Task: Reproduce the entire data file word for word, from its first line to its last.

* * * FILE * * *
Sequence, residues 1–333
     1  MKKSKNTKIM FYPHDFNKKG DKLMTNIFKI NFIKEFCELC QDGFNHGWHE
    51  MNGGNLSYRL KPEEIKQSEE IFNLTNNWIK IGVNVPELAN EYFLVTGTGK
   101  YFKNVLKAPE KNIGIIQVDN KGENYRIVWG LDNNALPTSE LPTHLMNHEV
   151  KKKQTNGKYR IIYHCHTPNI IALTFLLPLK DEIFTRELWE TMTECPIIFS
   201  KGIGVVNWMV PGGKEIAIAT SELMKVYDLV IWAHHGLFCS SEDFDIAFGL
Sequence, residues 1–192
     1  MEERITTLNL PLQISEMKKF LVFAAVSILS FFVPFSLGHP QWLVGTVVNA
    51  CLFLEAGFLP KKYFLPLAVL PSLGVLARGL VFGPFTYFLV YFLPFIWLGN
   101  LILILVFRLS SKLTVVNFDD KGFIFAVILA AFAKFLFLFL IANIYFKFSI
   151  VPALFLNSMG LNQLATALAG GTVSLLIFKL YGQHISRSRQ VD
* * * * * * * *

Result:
Sequence, residues 1–333
     1  MKKSKNTKIM FYPHDFNKKG DKLMTNIFKI NFIKEFCELC QDGFNHGWHE
    51  MNGGNLSYRL KPEEIKQSEE IFNLTNNWIK IGVNVPELAN EYFLVTGTGK
   101  YFKNVLKAPE KNIGIIQVDN KGENYRIVWG LDNNALPTSE LPTHLMNHEV
   151  KKKQTNGKYR IIYHCHTPNI IALTFLLPLK DEIFTRELWE TMTECPIIFS
   201  KGIGVVNWMV PGGKEIAIAT SELMKVYDLV IWAHHGLFCS SEDFDIAFGL
Sequence, residues 1–192
     1  MEERITTLNL PLQISEMKKF LVFAAVSILS FFVPFSLGHP QWLVGTVVNA
    51  CLFLEAGFLP KKYFLPLAVL PSLGVLARGL VFGPFTYFLV YFLPFIWLGN
   101  LILILVFRLS SKLTVVNFDD KGFIFAVILA AFAKFLFLFL IANIYFKFSI
   151  VPALFLNSMG LNQLATALAG GTVSLLIFKL YGQHISRSRQ VD